Skip Navigation

Close and don't show again.

Your browser is out of date.

You may not get the full experience here on National Journal.

Please upgrade your browser to any of the following supported browsers:

Black Women Computer-Science Ph.D.s? Guess What Percent. Black Women Computer-Science Ph.D.s? Guess What Percent.

NEXT :
This ad will end in seconds
 
Close X

Not a member? Learn More »

Forget Your Password?

Don't have an account? Register »

Reveal Navigation
 

 

Education

Black Women Computer-Science Ph.D.s? Guess What Percent.

+

Intel interns Isioma Nnodum of the Rochester Institute of Technology and Marguerite Kabore of the University of Texas-Odessa. (Intel Free Press's Creative Commons photo on Flickr)()

The Grio's story about the University of Michigan bestowing its first set of doctoral robes on a black female computer scientist calls attention to a 2010-2011 survey of 1,400 people pursuing a doctoral degree in computer science. The results? Less than a quarter of them were women, and only 16 people were African-American.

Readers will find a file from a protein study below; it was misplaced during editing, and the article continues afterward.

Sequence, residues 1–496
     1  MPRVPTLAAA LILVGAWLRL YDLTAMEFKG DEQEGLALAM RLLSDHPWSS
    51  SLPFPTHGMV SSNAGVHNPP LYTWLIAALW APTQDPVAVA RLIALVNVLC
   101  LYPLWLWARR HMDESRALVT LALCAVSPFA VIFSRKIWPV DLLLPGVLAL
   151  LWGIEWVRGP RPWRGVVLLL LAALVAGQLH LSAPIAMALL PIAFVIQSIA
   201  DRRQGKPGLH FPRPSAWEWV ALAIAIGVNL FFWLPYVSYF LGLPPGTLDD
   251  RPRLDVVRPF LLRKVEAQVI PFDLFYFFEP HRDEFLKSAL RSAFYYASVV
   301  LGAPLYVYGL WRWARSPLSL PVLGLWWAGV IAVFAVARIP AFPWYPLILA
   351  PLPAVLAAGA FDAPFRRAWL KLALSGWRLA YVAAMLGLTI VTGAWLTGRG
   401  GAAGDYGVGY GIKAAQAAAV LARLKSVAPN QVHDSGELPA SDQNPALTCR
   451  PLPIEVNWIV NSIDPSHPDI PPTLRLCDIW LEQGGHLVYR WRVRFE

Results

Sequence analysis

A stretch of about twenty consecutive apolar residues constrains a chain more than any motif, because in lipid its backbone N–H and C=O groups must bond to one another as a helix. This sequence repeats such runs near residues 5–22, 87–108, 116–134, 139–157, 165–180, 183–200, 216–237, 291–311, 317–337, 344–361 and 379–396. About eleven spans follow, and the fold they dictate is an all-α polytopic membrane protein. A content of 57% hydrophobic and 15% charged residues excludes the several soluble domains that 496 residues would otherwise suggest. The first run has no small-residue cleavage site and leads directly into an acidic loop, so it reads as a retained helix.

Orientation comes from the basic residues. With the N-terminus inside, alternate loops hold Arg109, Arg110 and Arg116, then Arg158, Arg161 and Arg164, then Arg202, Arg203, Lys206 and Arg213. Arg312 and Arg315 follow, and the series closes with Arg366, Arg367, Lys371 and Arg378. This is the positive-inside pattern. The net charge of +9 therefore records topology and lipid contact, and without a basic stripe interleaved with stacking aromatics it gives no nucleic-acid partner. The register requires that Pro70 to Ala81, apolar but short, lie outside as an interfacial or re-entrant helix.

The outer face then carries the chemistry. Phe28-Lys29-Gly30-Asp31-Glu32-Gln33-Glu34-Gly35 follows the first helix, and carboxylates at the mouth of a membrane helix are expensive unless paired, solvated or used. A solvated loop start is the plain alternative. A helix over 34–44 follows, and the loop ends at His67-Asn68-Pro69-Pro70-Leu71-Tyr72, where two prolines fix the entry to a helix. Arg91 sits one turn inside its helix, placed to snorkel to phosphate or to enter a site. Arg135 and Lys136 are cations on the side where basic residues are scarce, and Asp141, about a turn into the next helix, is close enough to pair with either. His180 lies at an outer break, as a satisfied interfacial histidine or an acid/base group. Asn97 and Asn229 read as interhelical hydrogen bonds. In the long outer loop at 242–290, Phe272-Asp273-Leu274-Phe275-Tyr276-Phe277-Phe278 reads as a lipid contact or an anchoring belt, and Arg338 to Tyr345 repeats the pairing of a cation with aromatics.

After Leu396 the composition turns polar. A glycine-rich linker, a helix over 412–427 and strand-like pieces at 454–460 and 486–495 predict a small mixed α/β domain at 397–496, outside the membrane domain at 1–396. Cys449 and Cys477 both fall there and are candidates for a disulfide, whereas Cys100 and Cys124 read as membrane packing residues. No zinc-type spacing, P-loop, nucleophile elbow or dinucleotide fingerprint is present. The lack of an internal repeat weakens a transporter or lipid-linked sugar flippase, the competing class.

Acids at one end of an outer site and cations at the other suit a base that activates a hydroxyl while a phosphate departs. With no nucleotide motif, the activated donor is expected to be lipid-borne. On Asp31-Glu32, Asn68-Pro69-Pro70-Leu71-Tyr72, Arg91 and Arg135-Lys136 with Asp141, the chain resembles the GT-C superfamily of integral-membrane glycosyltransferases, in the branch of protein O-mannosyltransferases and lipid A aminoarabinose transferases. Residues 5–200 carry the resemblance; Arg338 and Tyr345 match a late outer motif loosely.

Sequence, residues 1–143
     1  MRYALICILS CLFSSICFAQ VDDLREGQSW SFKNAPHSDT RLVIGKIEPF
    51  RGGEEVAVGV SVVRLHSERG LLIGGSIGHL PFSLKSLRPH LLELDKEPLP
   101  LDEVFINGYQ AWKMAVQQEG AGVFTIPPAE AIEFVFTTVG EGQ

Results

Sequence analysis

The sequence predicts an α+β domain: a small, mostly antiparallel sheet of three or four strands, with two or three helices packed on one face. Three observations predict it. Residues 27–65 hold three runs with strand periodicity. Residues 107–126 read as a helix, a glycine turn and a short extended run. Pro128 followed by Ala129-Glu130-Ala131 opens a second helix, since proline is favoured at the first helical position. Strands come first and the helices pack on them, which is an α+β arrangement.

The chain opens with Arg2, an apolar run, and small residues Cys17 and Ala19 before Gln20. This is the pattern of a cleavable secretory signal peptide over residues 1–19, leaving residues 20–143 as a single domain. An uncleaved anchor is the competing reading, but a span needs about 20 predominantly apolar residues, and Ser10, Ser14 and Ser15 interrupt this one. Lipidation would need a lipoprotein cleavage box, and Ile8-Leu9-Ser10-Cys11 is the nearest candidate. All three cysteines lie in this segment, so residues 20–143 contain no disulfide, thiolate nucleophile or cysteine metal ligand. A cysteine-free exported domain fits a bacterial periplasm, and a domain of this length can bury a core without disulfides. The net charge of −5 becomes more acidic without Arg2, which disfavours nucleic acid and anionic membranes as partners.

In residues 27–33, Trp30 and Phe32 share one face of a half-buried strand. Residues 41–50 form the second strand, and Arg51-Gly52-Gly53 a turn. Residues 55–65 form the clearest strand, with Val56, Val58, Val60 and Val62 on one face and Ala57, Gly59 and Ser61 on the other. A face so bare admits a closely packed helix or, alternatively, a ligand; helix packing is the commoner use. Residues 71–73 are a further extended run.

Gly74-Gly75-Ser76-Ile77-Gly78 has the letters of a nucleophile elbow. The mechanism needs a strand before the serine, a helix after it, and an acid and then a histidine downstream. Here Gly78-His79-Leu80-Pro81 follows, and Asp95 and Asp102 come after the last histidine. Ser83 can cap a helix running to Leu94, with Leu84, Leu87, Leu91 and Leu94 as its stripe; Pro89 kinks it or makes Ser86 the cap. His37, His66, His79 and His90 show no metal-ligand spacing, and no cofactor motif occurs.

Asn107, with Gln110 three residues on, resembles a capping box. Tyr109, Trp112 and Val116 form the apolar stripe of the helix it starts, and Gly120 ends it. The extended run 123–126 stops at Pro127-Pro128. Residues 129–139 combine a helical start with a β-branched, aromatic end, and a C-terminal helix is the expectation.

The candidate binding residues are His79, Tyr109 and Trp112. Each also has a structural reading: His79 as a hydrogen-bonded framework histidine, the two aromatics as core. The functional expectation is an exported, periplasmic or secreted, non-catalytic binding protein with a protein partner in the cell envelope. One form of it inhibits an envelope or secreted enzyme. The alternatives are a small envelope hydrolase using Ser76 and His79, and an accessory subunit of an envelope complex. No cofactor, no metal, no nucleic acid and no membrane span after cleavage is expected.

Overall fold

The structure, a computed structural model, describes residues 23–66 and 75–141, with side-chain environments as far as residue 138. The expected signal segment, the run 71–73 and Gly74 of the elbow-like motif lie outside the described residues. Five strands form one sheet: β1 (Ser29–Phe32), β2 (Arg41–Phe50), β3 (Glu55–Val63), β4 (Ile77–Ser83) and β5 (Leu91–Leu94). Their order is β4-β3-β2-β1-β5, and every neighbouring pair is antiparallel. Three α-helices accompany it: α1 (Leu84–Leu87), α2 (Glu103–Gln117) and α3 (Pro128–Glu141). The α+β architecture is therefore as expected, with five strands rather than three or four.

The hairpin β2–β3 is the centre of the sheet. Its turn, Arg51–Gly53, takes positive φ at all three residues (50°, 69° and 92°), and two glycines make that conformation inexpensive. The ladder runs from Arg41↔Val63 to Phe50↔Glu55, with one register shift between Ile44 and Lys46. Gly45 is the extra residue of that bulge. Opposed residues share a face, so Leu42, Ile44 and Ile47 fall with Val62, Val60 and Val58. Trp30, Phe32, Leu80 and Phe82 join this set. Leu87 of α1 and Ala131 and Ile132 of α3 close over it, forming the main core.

1.2%
of computer-science
doctoral students
are black.


The Michigan graduate, Kyla McMullen, 29, attributes the low number to the lack of role models. Said the Washington, D.C., native: "Typically when  you think of someone who is in computer science, you think of a person who is a geek—with pocket protectors, suspenders, and highwater pants....  African-American women often don’t think, ‘OK, I wanna be that [nerd].' "

McMullen graduated in the spring and is now an assistant professor at Clemson University, focusing on auditory computer interfaces.

 
Comments
comments powered by Disqus
 
MORE NATIONAL JOURNAL